"It's hidden in plain sight, and it's been that way for the 30 years the park has been here," Jones said. "No one has messed with it and maybe they won't."
Jones believes those numerous rock piles - and especially the stone wall terraces lacing the hillside - might constitute evidence that the ancient Mayans once established a village here in Georgia
"Maybe it's not as crazy as it seems," said Jones, who has spent much time photographing and mapping the stone works as he sought to document the site in hopes that one day archeologists will launch an investigation.
Tonight at 10 p.m. on History Channel's H2, "American Unearthed" will address the question on whether the Mayans established villages in north Georgia. The program keys on a site in Towns County known as Track Rock.
The show's producer, geologist Scott Wolter of Minneapolis, heard about the sites in Georgia, but was told by several Georgia archaeologists "that there was nothing to the Track Rock site. They knew for a fact that no Mayan immigrants ever came to the Southeast," he said in a press statement.
Contacted Wednesday, Wolter wouldn't discuss what the program will disclose.
"I can't tell you how the episode ends, but let's say I was very, very surprised at what we found," Wolter said. "This is not a matter of faith. It's a matter of evidence."
One Georgian that the History Channel producers interviewed is Richard Thornton, an architect and city planner, who has studied the Track Rock ruins, a large series of about 150 terraces. Thornton, a Dahlonega resident who is of Creek Indian ancestry, spent time in Mexico studying the ancient Indian cultures.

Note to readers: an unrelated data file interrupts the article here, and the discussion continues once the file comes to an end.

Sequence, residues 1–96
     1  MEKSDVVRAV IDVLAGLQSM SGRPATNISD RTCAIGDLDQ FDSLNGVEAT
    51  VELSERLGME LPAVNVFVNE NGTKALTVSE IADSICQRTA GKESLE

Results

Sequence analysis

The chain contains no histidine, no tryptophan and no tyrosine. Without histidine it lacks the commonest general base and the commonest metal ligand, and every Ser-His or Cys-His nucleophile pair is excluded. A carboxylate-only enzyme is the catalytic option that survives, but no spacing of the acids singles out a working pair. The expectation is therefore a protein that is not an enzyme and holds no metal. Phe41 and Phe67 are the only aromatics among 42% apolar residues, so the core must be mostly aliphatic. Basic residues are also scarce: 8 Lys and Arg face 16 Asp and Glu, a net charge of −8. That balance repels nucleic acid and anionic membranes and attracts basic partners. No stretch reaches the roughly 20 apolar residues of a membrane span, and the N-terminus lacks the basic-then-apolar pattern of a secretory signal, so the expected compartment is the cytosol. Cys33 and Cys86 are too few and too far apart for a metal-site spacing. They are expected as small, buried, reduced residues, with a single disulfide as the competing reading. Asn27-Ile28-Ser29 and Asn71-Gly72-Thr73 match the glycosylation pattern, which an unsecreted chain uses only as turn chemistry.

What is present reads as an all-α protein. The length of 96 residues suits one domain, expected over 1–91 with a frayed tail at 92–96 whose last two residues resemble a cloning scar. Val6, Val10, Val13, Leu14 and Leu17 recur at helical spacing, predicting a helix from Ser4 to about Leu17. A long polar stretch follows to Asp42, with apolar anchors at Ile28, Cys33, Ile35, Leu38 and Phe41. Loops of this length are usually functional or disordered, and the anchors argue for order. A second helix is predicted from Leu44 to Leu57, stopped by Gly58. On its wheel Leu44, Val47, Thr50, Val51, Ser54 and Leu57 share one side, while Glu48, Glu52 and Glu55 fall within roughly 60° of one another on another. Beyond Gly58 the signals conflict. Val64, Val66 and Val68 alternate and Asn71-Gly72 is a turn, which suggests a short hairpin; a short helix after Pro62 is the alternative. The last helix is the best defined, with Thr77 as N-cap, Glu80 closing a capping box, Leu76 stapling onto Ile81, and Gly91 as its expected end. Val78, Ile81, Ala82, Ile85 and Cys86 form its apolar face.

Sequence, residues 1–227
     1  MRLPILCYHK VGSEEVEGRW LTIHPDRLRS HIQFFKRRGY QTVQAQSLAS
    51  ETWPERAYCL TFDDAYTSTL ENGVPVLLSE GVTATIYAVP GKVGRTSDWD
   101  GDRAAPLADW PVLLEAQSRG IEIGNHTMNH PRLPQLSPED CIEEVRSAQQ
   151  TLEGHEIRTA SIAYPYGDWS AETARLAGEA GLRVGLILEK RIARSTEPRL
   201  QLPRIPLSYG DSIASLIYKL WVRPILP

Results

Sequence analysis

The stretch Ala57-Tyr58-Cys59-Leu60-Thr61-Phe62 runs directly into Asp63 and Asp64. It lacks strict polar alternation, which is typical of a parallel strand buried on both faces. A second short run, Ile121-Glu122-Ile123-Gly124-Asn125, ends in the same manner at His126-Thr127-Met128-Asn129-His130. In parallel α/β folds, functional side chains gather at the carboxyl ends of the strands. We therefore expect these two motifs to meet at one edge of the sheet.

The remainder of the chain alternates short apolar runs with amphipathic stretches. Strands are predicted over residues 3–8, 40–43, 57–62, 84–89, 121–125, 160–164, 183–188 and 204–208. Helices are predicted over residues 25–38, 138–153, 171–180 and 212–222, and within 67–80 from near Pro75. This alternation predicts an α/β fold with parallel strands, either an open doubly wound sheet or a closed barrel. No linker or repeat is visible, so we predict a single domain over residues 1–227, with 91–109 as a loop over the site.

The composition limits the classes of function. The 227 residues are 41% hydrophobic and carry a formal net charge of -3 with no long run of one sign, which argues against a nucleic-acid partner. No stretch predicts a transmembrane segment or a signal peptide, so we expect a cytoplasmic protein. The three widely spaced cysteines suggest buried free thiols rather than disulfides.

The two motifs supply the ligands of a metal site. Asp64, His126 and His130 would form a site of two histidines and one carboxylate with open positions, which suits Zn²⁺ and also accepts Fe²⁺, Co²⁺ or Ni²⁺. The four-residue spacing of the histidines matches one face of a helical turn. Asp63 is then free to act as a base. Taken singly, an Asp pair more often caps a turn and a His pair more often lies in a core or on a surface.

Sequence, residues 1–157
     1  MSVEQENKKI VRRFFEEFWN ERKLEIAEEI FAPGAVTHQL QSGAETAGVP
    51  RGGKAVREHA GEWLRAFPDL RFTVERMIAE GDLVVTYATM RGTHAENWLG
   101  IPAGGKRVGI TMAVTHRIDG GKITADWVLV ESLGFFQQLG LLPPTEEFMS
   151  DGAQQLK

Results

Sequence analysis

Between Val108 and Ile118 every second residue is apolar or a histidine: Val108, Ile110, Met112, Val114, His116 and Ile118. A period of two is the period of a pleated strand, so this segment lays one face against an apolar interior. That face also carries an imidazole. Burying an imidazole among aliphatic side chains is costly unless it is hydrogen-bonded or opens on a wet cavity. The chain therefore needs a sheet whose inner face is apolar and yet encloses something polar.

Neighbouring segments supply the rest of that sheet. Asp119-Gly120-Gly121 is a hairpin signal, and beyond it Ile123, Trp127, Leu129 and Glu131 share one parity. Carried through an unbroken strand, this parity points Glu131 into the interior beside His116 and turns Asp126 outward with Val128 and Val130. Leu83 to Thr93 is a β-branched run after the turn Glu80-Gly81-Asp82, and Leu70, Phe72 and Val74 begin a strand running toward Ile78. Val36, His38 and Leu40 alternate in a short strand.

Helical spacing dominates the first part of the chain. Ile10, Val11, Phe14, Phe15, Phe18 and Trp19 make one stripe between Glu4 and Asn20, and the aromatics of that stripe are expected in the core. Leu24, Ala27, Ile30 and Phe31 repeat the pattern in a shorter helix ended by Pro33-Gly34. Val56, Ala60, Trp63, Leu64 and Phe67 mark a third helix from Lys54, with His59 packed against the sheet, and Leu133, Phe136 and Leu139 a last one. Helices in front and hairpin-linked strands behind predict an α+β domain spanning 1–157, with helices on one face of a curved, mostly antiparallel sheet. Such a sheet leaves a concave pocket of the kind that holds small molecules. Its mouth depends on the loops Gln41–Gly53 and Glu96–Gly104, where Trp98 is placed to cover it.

Thornton provided the show with information on what he has found at Track Rock, which he considers "an important archeological zone."
The show producers were told about the site at Sandy Creek Park, but Thornton said he doesn't know if they found time to visit.
"It looks very similar to Track Rock in many ways, but until you get archeologists in there doing radiocarbon dating and tests, we won't know for sure if there is a Mayan presence," Thornton said.
The program will also present DNA evidence gathered from people in the region, Thornton said. Some of the Creek Indians in the region of Track Rock provided DNA samples and tests revealed the presence of both Mayan DNA and DNA from people of South America.
Thornton's published works on Track Rock opened Jones' eyes to the possibility a Mayan connection to the Sandy Creek site.
Thornton's illustrations "showed the mounds of rocks and terracing and it looks like what I'm seeing at Sandy Creek. I call it getting my eyes right," said Jones, a graphic artist who lives in Athens.
Once Jones felt like the terraces and rock piles might have historical importance, he pondered what he should do. He contacted officials with the park and archeologists at the University of Georgia.
"Nobody was getting back in touch with me, so I wrote Thornton and he wrote me back," Jones said. "I told him it was his illustrations that made me see this out here."
According to Thornton, the show will have a surprising conclusion.
"They have absolute proof that the Mayans have been coming here for a long time," he said. "It's not just Track Rock."